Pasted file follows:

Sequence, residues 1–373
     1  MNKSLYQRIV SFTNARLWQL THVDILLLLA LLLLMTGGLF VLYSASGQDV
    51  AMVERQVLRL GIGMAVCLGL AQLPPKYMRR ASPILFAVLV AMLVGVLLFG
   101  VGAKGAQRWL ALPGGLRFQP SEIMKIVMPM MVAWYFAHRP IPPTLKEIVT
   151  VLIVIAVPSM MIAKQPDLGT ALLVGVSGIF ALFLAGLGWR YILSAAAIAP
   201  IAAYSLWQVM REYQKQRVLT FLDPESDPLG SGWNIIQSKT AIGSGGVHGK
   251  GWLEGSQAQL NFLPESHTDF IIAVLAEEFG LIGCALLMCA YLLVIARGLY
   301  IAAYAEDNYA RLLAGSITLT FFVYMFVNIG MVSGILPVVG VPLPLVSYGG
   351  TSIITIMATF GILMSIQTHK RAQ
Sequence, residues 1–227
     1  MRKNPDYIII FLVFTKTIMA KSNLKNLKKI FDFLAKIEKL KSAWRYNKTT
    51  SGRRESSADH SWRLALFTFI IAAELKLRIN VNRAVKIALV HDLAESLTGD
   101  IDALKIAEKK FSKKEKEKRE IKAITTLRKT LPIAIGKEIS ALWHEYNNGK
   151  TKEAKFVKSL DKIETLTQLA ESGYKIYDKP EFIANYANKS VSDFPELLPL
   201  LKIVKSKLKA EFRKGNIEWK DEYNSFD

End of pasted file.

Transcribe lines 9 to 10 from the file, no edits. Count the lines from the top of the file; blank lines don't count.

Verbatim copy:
   351  TSIITIMATF GILMSIQTHK RAQ
Sequence, residues 1–227